Amongst the clusters of shops advertising closing-down sales and fast food restaurants, we were greeted with a sight that was all too familiar with us from our time in Newcastle. Greggs were located throughout the city centre at almost the same frequency as its North-East rivals. But this was no Tyne-Wear Derby. When there’s Greggs involved, everyone’s a winner.

Two sausage rolls later and we were already onto our second Metro journey – on our way to experience the joys that Sunderland University had to offer. What we didn’t realise was that the Metro trip took less than a minute and we could have walked there much more easily. We” target=”_blank” rel=”noopener noreferrer”> I can say is: KELL. And also: RHY AND ALUCARD. FOREVER.) I can’t wait to read ‘This Savage Song’,, not to mention ‘The Archived.’ ‘Vicious’ made me into a truly hardcore fan. I am now ravenous for any writing that comes from the fair hands of Queen Schwab- and I am BEYOND excited for ‘Vengeful’– the sequel to ‘Vicious’– and Schwab’s next novel, ‘City of Ghosts’, is set in my of my favourite ghostly) cities, Edinburgh.

So what is it about ‘Vicious’ that is so gripping? I’m not the only one who thinks so- it’s got a massive movie deal Zac Efron apparently playing Eli- I can’t wait to see who plays Victor.) First of all, the two MCs, Victor and Eli, are not your average pre-med students- they are morally complex antiheroes with their own issues, their own God complexes, and their own (dark) superpowers. And how did they get these powers? Through surviving their own (deliberate and carefully planned) suicides, as Eli’s medical thesis links EO powers to near-death experiences. Yep, it’s dark alright. These two are twisted geniuses whose minds are deadly, warped, wicked things. They aren’t normal. They aren’t kind. They aren’t inhibited by consciences. And they call themselves ‘EOs’- which stands for ‘ExtraOrdinaries.’ Extraordinary is definitely the word- extraordinarily dangerous, that is. (SPOILER) Victor tortures a man, shoots him, breaks out of prison…he does bad things, in short. But Eli is far worse. Taking the God complex to new extremes, he sets out to brutally execute all other EOs, while Victor takes it upon himself to stop Eli and save them. Along the way he recruits an ex-con, Mitch- who likes chocolate milk- and a young EO girl, Sydney, who has a truly Gothic, truly powerful gift of her own. (No spoilers!) This novel is utterly brilliant- as precise, devious and dark as Victor himself. One caveat though: for me, ‘Vicious’ definitely warrants a trigger warning for suicide, self-harm and substance abuse. It’s about as different from the ‘A Darker Shade of Magic’ as you can get- although some themes do overlap- and at times it’s not an easy read. It’s brutal, bloody and, at times, bleak. It challenges you, provokes you, shocks you and horrifies you. And yet it’s a truly brilliant, white-knuckle ride. All hail, Queen Schwab.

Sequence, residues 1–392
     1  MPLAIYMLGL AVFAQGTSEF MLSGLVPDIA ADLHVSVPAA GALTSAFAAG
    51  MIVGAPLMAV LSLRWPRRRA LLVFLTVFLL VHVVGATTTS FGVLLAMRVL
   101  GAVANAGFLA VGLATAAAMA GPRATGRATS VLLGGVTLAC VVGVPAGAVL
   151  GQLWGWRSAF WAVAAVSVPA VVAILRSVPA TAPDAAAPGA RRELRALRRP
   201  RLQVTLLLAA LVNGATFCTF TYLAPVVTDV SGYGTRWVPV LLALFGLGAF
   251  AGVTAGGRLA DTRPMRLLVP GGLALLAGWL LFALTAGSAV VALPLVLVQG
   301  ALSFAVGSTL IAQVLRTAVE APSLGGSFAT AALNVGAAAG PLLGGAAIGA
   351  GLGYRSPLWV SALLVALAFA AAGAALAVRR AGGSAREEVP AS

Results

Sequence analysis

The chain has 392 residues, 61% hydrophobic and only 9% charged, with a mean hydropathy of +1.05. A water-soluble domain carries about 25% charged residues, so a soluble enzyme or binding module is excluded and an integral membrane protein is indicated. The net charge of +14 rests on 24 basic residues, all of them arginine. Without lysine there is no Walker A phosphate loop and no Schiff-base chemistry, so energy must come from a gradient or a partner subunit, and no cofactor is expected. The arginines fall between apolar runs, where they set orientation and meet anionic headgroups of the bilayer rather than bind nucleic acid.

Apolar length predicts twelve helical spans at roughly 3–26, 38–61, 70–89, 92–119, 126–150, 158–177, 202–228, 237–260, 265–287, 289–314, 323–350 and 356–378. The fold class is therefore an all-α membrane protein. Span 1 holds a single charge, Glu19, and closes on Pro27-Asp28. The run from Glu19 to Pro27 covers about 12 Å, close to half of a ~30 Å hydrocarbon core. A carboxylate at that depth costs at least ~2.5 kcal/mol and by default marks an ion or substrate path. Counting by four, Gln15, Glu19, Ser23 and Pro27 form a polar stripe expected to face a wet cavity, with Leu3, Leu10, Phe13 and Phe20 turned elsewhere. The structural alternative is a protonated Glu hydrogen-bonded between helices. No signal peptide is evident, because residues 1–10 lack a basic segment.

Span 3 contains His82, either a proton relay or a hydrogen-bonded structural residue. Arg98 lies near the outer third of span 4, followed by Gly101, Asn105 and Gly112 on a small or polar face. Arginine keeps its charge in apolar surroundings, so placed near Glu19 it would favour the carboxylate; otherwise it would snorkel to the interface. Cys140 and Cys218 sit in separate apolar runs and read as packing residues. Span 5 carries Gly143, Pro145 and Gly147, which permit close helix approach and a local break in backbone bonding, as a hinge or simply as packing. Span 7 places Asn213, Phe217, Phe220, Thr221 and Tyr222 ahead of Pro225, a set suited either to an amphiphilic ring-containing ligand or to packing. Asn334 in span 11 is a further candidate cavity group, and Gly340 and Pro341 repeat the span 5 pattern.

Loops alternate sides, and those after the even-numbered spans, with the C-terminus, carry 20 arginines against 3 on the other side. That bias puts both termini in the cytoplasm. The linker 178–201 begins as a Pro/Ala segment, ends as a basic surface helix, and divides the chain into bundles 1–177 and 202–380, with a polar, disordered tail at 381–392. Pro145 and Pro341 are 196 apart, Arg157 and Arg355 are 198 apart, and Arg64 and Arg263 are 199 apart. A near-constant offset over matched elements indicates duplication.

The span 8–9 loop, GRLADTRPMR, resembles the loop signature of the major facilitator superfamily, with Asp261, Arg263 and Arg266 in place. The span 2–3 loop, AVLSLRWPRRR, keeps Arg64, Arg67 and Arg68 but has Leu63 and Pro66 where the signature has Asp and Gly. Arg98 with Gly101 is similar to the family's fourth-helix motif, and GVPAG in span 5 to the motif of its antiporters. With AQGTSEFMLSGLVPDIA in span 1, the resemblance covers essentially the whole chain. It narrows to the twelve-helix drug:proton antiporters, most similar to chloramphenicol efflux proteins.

Overall rating: 10/10!

Favourite Character: Victor (but I also have a soft spot for Mitch)
This Book in Four Words: Dark. Violent. Gripping. Clever.

Review: ‘The Cruel Prince’ by Holly Black

Blurb from GoodReads:  Of course I want to be like them. They’re beautiful as blades forged in some divine fire. They will live forever. And Cardan is even more beautiful than the rest. I hate him more than all the others. I hate him so much that sometimes when I look at him, I can…


Review: ‘Women and Power’ by Mary Beard

Blurb from At long last, Mary Beard addresses in one brave book the misogynists and trolls who mercilessly attack and demean women the world over, including, very often, Mary herself. In Women & Power, she traces the origins of this misogyny to its ancient roots, examining the pitfalls of gender and the ways that…